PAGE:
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Glass Cockpit Image Library
 
 
Glass Cockpit Image Library
12 images -- Click on image to retrieve publication-quality (i.e., 300 dpi) version
L74-07810

Image: L74-07810
Source: NASA Langley
Date: 1974
Description: The forward flight deck of the NASA 737 near the time of its arrival at NASA's Langley Research Center in 1974. Note the profusion of gauges and dials and the yokes used to control the aircraft. The co-pilot's position, however, has received an upgrade of electronic flight displays for research into SST technology.

L87-03645

Image: L87-03645
Source: NASA Langley
Date: 1987
Description: The aft flight deck of the NASA 737 in 1987. An upgrade in 1986 replaced four original 5x7 monochrome displays with eight 8x8 color monitors.

EL-2000-00037.JPG

Image: EL-2000-00037
Source: NASA KSC
Date: 3/1/2000
Description: A new full-color, flat panel Multifunction Electronic Display Subsystem (MEDS), often referred to as the "glass cockpit," is shown in the cockpit of the orbiter Atlantis. The recently installed MEDS upgrade improves crew/orbiter interaction with easy-to-read, graphic portrayals of key flight indicators like attitude display and mach speed. The installation makes Atlantis the most modern orbiter in the fleet and equals the systems on current commercial jet airliners and military aircraft. Atlantis is scheduled to fly on mission STS-101 in April 2000.

L74-05183

Image: L74-05183
Source: NASA Langley
Release Date: 1974
Description: Original configuration of the aft flight deck of the NASA 737 with monochrome flight displays. Note the "Brolly Handle" flight controls.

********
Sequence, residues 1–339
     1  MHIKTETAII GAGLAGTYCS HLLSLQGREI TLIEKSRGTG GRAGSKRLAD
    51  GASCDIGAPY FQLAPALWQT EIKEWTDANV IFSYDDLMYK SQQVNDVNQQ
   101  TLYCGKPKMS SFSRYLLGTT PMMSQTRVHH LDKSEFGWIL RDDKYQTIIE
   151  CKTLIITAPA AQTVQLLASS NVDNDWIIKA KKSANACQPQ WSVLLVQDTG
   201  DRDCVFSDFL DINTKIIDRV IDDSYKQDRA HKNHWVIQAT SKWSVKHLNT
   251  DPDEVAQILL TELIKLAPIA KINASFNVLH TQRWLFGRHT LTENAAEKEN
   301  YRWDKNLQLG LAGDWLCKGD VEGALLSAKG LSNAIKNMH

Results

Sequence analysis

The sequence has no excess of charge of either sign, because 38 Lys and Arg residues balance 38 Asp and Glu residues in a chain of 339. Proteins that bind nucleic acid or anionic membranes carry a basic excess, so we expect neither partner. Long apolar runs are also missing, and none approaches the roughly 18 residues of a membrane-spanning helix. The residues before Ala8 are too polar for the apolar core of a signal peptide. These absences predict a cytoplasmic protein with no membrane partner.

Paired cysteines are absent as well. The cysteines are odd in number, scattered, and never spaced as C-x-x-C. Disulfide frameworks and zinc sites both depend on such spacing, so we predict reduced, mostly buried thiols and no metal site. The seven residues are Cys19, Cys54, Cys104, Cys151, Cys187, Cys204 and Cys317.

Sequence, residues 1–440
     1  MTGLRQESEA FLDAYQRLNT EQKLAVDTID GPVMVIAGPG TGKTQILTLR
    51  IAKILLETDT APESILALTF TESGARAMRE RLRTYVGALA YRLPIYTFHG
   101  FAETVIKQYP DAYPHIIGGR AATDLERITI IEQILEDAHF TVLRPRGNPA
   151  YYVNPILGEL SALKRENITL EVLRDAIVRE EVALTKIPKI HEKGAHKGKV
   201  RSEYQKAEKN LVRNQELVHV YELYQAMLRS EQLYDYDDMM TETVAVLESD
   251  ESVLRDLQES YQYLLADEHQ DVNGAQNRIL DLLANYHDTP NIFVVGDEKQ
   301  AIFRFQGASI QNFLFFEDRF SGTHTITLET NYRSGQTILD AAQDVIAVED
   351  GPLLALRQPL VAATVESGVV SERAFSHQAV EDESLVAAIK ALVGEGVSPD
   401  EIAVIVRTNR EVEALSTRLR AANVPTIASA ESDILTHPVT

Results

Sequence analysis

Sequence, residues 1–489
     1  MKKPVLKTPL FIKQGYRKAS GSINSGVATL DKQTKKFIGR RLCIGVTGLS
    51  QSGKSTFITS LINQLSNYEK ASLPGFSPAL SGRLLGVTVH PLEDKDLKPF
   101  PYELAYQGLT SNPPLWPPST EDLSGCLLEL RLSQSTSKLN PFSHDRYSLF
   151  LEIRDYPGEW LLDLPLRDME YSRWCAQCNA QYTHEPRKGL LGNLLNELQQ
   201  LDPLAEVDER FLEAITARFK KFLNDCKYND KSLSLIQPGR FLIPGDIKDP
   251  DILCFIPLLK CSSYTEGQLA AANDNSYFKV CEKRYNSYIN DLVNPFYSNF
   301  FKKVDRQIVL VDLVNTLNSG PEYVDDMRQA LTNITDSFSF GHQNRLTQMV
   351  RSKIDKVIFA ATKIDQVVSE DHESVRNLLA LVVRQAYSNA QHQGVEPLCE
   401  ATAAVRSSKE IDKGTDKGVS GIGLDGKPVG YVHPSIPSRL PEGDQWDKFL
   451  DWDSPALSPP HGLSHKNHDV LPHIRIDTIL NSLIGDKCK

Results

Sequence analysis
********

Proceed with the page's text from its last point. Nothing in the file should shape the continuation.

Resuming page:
S99-01415

Image: S99-01415
Source: NASA JSC
Date: January 1999
Description: This "fish-eye" view illustrates NASA's Multifunction Electronic Display Subsystem (MEDS), otherwise known as "glass cockpit." It represents a number of important modifications that have been accomplished on the Orbiter's flight deck. This photo is actually a recent one of the fixed base Space Shuttle mission simulator in the Johnson Space Center's (JSC) Mission Simulation and Training Facility. The fixed base simulator has been outfitted with MEDS to be used by flight crews for training. The Space Shuttle Atlantis is the only Orbiter so far outfitted with MEDS and will fly with the new display system for the first time on STS-101. All of the Orbiters will eventually be outfitted with the new system, which enhances safety on the Orbiter by providing multiple backup display functions and brings the Space Shuttle cockpit displays up to date with technology that is now common in many commercial airliners.

KSC-99PP-0479

Image: KSC-99PP-0479
Source: NASA KSC
Release Date: 29-Apr-1999
Description: STS-101 Commander James Halsell (left) and STS-98 Commander Ken Cockrell (right) pause for a photo while looking over the recently installed Multifunction Electronic Display Subsystem (MEDS), or "glass cockpit" in the cockpit of the orbiter Atlantis. The first flight of the upgraded Atlantis, STS-101, is scheduled to launch in April 2000; STS-98 is scheduled for launch in January 2001.

S-80-40389-SM

Image: S-80-40389
Source: NASA JSC
Release Date: 10-Oct-1980
Description: STS-1 crew in Columbia's cabin. Astronauts John W. Young [left] commander and Robert L. Crippen, pilot, the prime crew members for NASA's first Space Shuttle flight, STS-1. Here, they are logging time in the Shuttle orbiter Columbia in the orbiter processing facility [OPF] at the Kennedy Space Center [KSC].